Shoppers from around the Bay Area made the traditional post-Thanksgiving pilgrimage to the region’s retail outlets on Friday, and more than a few of them chose Berkeley’s Fourth Street shopping district as their primary destination.
Many came, but was it enough? Specialty retailers, like those found on Fourth Street, often depend on Christmas sales to get them through the year, and this season there are plenty of reasons for them to worry.
The National Bureau of Economic Research appeared, on Friday, to be on the verge of officially declaring that the country’s economy is in recession, as has long been suspected.
The Conference Board, another economic research group, recently reported that shoppers in the Pacific states planned to spend about 17-percent less on Christmas gifts than the average U.S. resident. Last month, the same organization reported that consumers’ confidence in the economy plummeted between September and October.
And for Berkeley retailers, there looms the vague and still mostly unsubstantiated threat of a boycott on city businesses following the City Council’s highly publicized stance on the war in Afghanistan.
Still, Fourth Street’s sidewalks were bustling Friday morning, with shoppers, street performers and representatives from local charities – all hoping to make the most of a rare, four-day weekend.
The area’s free parking lot was filled to capacity around noon, with several cars queued up and ready to pounce on any space that became available. The nearby Spenger’s lot, which charges by the hour, was doing brisk business.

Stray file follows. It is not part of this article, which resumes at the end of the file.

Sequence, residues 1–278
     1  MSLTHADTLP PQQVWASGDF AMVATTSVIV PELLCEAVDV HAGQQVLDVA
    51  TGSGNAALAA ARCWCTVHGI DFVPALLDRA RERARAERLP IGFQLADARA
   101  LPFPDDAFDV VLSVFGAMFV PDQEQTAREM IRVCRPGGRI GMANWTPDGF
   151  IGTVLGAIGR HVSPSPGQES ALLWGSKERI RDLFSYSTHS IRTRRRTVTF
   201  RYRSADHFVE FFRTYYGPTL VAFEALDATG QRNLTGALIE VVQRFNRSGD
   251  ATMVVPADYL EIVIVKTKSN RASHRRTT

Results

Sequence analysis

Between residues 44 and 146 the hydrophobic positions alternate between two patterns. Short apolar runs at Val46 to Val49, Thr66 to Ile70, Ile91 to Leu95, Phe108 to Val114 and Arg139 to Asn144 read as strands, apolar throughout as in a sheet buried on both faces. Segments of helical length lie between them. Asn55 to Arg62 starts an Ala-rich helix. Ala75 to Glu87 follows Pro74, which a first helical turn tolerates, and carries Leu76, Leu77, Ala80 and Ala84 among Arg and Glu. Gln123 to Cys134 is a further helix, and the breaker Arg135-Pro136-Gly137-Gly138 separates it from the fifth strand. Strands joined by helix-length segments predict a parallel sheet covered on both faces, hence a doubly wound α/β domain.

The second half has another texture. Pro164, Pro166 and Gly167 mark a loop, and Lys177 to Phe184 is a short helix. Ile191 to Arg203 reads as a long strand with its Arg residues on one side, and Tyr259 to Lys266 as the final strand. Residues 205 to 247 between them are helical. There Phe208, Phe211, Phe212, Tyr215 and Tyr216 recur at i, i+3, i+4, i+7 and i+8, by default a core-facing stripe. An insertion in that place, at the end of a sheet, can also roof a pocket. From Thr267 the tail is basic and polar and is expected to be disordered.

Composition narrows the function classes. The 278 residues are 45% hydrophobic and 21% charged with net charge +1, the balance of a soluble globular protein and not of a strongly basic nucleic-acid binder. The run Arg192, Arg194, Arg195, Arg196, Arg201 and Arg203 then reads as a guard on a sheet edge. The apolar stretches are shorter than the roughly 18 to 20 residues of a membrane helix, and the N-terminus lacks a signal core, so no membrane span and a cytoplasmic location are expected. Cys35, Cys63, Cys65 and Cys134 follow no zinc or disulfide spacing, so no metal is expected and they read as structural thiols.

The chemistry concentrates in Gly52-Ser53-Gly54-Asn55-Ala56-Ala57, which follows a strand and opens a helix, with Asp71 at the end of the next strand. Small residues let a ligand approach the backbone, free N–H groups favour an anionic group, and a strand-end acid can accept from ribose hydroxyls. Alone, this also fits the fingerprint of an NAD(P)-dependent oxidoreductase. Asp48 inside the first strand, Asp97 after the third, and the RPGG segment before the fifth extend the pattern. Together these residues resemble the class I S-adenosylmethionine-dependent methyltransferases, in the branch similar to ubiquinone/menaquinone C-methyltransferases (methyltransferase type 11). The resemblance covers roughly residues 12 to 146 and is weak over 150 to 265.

Penny Cozad, a resident of Alameda, rested on a bench while a friend shopped in a clothing store. Several bags displaying the logos of prominent Fourth Street businesses sat by her feet.
Cozad said she and her friend decided to come to Fourth Street for the area’s unique shops.
“We came mostly for Cody’s, Builders Booksource and the Discovery Channel Store, but we got drawn into Restoration Hardware by the magnetic dartboards,” she said.
She said that she and her friend expected to spend between $300 and $400 in Berkeley that day, and that she was not dissuaded by calls to boycott the city.
“(The boycott) is totally stupid,” she said. “What Berkeley’s doing about the war is just fine with me.”
Cozad said that foot traffic in the popular shopping district was not quite as bad as she had expected it would be.
“It’s not so nuts down here,” she said. “Usually during the Christmas season it’s nose to armpit with people.”
Derek Woo of Oakland, a former UC Berkeley student said that he had heard something about the boycott, and it “made him smile.”
“There’s a time for protest and a time for solidarity,” he said. “I was wondering when Berkeley’s actions were going to catch up with it.”
But Woo said that he would not refrain from shopping in Berkeley himself. There were certain “essential things,” he said, that could only be found in the city – “biscuit cutters” from Sur La Table, Sweet Potatoes’ children’s clothes.
Sarah von Furstenberg, who was restocking shelves at The Ark, a toy store, said that business was booming.
“Obviously, it was really slow over the summer because of the economy,” she said. “Then it was slow in September and October because everyone was shocked.”
“We figured it was going to be busy today, because that’s the hype you always hear. And it has been.”
Representatives of nonprofit organizations – including the Support the Children Foundation, the New Bridge Foundation and the Boy Scouts – sought to stake their claims on the holiday tradition of sharing.
Deanna Bernard was selling raffle tickets for the New Bridge Foundation. She was able to sell a couple of books of tickets to her former co-workers at the Ginger Island restaurant, but had managed to make only about $3 on the street.
“It’s not as busy as I thought it would be,” she said.
Bernard said that she noticed a slump in business over the last few months when she worked at Ginger Island.
“Business there has been down for the last six or eight months,” she said. “Last year, you had to wait an hour for a table. Now, it’s like ten minutes.”
Martin McDonald and Peter Shaw, members of Boy Scout Troop 24, were selling Christmas wreaths and candle arrangements outside Builders Booksource. They had sold only one by mid-morning.
“Last year, we sold most of them,” said McDonald.